Canadian Plastics

KraussMaffei enters additive manufacturing market

Canadian Plastics   

3D Printing Plastics Processes

The plastics machinery maker has launched two new industrial 3D printing technologies.

The powerPrint machine. Photo Credit: KraussMaffei Technologies GmbH

Germany-based plastics machinery manufacturer KraussMaffei Technologies GmbH has entered the additive manufacturing equipment market by unveiling two industrial 3D printers at the K 2022 trade show in Dusseldorf.

The new, room-sized powerPrint is targeted at large-format industrial additive manufacturing, while the smaller precisionPrint machines are designed for industrial scale automated production.

powerPrint is an extruder-based system for processing thermoplastic granulates. The precisionPrint, meanwhile, can handle objects up to 10 cubic meters in size, and offers high discharge rates at fast printing speeds, enabling short throughput times for large components. Splitting printing and milling allows maximum flexibility and system utilisation at favourable investment costs, company officials said; a wide variety of fibre-reinforced plastics and compounds can be processed.

KraussMaffei first hinted about entering the additive manufacturing space at a pre-K show event in June, and the two systems were officially unveiled at the company’s K 2022 booth during a staged event on Oct. 19.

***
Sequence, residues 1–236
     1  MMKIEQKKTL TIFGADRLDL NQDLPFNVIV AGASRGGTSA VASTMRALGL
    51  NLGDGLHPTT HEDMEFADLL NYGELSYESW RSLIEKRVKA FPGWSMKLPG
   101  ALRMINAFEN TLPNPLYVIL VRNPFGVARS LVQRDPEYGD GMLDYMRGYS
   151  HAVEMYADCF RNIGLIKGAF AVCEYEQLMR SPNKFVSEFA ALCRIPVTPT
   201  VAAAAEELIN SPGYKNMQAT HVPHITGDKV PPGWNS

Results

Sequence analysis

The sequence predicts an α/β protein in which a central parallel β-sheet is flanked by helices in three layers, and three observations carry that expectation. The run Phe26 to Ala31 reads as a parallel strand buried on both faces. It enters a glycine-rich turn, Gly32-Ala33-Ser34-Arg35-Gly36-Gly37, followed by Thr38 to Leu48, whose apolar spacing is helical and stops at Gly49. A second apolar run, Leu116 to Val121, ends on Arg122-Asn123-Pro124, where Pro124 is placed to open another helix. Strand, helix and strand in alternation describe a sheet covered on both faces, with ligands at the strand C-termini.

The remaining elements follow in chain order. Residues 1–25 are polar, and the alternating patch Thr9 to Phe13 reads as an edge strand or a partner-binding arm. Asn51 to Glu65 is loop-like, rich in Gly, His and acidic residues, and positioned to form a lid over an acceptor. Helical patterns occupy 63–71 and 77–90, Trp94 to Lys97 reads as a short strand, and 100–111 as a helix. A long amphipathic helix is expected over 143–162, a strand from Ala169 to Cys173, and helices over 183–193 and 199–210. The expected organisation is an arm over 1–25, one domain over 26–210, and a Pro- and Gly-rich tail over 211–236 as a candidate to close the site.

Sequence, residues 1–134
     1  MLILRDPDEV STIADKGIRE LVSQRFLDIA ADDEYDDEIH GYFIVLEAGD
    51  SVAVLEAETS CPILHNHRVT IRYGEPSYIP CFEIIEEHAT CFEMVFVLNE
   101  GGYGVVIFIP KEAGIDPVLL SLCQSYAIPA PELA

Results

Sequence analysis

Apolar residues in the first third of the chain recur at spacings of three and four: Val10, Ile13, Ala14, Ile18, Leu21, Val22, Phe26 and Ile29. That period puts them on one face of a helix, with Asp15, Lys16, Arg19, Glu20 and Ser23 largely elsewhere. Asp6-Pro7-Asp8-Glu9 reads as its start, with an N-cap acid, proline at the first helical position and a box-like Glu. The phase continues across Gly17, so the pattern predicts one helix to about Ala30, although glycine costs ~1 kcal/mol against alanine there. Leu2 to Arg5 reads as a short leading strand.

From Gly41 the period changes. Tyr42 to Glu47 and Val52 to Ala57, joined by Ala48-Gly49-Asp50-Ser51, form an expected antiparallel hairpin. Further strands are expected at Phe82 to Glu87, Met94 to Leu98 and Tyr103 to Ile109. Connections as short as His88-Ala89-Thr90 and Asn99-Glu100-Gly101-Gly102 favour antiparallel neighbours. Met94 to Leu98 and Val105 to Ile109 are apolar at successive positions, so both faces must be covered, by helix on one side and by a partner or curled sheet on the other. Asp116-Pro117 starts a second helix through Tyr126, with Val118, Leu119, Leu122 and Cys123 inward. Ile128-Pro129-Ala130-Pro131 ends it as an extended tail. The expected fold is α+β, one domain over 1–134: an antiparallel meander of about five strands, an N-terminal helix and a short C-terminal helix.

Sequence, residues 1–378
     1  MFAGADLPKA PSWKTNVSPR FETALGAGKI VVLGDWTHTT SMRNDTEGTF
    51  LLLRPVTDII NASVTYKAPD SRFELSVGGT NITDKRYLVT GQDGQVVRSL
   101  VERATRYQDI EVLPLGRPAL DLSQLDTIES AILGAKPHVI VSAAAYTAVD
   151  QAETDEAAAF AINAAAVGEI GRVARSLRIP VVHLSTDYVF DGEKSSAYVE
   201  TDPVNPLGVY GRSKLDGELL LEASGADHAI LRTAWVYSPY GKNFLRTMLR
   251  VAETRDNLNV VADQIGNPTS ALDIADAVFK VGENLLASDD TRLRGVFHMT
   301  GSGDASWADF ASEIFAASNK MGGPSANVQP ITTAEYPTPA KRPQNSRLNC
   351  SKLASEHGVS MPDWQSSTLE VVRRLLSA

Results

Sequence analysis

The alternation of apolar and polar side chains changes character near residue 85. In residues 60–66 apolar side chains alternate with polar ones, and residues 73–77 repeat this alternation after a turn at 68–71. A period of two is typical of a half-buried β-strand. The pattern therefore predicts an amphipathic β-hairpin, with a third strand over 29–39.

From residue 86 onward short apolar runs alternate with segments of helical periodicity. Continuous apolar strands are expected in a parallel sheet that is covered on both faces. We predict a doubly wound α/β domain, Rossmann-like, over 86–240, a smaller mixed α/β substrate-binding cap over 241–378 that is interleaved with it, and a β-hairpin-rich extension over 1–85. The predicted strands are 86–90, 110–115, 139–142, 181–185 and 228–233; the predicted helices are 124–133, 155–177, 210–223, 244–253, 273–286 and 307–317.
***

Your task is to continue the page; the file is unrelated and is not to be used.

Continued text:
“For us, this is about taking our capacity for productivity, quality and efficiency in industrial plastics processing and applying it to additive manufacturing solutions,” KraussMaffei CEO Dr. Michael Ruf said.

“The advantage for customers is two-fold: optimum component properties are achieved at favorable material costs; and short setup times and the use of common software solutions for print preparation also enable rapid implementation from component design to printing,” Rolf Mack, head of additive manufacturing, added. “In developing this, our goal was optimal application-specific processing of thermoplastic materials to ensure production according to industrial standards.”


Stories continue below

Print this page

Related Stories